Does anyone out there have suggestions relevant to a software package combining tool crib control and machining center set up documentation? Something that would allow users creating set up documentation to look in the tool crib and see what is available? I started creating my own but in reality I have too many other things to do, and it seems like the sort of thing that may have already been addressed by a commercial application. (Other than Predator. I have used their simulation package & I think it is a P.O.S.)
Any leads would be appreciated!
I've looked at a lot of the automated cribs and am not aware of any that are combined with setup sheets. I don't think what your looking to do is beyond the relam of some custom programming by any of the vendors though. I wrote my own tool crib package using access but it is just to keep track of my tooling / insert inventory right now. Eventually it will keep track of usage per order but I have to start somewhere. My next project is to create setup sheets for the mills and lathes. I want to do that in access also so eventually I can link the different databases. I want to choose an operation, say turning, and have a list of all available turning tools come up. Once I choose the turning tool, a list of all the available insert types for that tool would come up. Then all I have to do is assign the turret position and offset. Then repeat the process for grooving, threading, etc. It wouldn't be hard to add current inventory of each item to the menu. I don't think you want to wait until I get mine finished though. It may take a while. Good luck with the search. I'll check this thread to see how you make out.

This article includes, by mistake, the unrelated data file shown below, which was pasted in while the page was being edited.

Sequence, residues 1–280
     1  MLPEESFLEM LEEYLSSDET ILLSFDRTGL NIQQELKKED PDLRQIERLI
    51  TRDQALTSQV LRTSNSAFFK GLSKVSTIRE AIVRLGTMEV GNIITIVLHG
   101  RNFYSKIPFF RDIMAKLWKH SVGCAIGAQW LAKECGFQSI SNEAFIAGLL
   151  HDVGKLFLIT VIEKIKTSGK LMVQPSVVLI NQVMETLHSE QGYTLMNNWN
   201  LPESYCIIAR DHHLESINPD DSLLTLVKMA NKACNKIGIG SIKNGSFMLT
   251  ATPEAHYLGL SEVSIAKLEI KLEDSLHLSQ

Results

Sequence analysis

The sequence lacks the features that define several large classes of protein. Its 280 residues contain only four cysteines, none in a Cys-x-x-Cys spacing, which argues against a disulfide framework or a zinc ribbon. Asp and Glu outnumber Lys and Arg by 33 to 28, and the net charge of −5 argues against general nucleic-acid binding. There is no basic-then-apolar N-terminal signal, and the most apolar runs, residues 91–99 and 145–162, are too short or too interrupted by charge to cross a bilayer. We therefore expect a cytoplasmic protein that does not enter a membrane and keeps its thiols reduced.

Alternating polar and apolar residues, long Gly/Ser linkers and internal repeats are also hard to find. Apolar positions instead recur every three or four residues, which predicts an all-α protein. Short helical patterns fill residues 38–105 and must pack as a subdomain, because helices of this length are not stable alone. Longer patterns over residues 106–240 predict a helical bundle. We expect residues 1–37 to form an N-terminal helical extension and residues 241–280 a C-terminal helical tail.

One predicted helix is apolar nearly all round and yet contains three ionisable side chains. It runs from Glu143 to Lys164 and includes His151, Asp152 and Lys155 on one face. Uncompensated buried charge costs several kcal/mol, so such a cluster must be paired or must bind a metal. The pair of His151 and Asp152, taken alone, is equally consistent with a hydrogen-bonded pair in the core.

Thank you for your reply.
How about with tool kitting? That is, tool crib software that allows for a large number of tool kits in addition to the crib. That would be enough; it would constitute a list of tools used with each job. The rest of the set up documentation might best be separate anyway.
Tool kitting would be a good idea. We did that extensively in one job shop I worked in. At that time I wrote a database program for the Unix system to track the stuff. Of course these days you would probably want to write it as a front-end for Access.